Black holes spinning faster and faster

  • Many giant black holes in the centre of galaxies are spinning faster than at any time in the history of the universe, and may have been set in motion comparatively recently, new research shows.

    Dr Alejo Martinez-Sansigre of the University of Portsmouth and Professor Steve Rawlings of the University of Oxford used radio, optical and X-ray data to test their theoretical models of spinning black holes, and found the models stood up well for supermassive black holes with twin jets.

    Using the radio observations, the two astronomers were able to sample the population of black holes, deducing the spread of the power of the twin jets. By estimating how the black holes acquire material, they could then work out how quickly they might be spinning.

    The observations also give information on how the spins of supermassive black holes have evolved. In the distant past, say the researchers, practically all spun very slowly, whereas nowadays some have very high spins. So on average, they're spinning faster than ever before.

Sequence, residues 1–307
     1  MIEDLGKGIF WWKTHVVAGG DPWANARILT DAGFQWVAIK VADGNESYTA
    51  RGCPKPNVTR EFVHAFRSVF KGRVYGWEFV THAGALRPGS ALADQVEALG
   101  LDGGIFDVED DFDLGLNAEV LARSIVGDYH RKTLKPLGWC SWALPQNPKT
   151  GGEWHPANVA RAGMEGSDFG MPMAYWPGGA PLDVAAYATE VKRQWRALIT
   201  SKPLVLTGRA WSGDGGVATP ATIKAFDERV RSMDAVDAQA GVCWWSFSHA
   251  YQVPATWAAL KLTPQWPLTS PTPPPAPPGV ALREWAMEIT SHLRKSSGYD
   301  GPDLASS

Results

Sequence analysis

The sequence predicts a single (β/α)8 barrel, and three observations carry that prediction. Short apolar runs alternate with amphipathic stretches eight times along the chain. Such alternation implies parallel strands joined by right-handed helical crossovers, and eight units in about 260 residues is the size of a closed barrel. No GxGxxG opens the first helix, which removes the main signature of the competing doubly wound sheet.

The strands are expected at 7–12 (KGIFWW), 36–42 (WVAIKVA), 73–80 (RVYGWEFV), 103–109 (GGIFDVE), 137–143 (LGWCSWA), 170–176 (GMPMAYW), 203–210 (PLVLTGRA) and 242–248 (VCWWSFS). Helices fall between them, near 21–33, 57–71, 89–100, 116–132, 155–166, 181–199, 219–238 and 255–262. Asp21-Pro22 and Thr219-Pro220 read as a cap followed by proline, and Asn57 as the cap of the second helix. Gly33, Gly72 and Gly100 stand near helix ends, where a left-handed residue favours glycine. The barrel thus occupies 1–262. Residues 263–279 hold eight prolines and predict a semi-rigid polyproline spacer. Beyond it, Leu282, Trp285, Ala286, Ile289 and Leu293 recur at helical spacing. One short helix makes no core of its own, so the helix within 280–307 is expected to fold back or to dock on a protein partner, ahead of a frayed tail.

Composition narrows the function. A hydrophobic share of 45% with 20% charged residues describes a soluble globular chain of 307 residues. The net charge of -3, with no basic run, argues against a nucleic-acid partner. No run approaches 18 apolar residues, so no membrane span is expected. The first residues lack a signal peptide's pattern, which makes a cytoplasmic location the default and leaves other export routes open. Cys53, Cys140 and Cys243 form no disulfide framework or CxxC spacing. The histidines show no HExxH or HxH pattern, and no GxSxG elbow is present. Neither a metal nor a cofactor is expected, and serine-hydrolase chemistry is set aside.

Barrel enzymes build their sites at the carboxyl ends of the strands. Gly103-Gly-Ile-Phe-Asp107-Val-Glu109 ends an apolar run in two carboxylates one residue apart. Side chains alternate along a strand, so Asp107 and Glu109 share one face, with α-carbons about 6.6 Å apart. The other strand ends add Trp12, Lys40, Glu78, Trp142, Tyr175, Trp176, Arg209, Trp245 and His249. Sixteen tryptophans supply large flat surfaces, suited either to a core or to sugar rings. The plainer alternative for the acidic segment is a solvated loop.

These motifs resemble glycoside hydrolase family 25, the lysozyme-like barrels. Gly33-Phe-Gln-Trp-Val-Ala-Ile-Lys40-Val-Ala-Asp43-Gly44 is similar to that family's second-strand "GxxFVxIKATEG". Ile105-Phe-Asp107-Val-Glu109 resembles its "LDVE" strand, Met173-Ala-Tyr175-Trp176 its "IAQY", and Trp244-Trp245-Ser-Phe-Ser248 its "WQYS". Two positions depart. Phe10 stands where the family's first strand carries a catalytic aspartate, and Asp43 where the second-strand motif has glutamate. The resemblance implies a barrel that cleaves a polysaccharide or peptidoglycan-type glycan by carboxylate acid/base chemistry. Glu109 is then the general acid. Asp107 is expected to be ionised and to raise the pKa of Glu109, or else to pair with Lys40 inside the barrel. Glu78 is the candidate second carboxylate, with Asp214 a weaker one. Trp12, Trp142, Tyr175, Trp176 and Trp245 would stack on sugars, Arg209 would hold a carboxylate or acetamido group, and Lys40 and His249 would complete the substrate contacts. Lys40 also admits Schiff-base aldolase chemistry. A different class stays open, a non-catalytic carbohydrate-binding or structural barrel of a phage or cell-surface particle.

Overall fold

It's the first time that the evolution of the spin of the supermassive black holes has been closely described, and suggests that those that grow by swallowing matter will barely spin, while those that merge with other black holes will be left spinning rapidly.

    "The spin of black holes can tell you a lot about how they formed. Our results suggest that in recent times a large fraction of the most massive black holes have somehow spun up," says Dr Martinez-Sansigre.

    "A likely explanation is that they have merged with other black holes of similar mass, which is a truly spectacular event, and the end product of this merger is a faster -spinning black hole."

    Later this decade, the team hopes to test the theory that these supermassive black holes have been set spinning relatively recently.

    "With so many collisions, we expect there to be a cosmic background of gravitational waves, something that will change the timing of the pulses of radio waves that we detect from the remnants of massive stars known as pulsars," says Professor Rawlings.

    "If we are right, this timing change should be picked up by the Square Kilometre Array, the giant radio observatory due to start operating in 2019."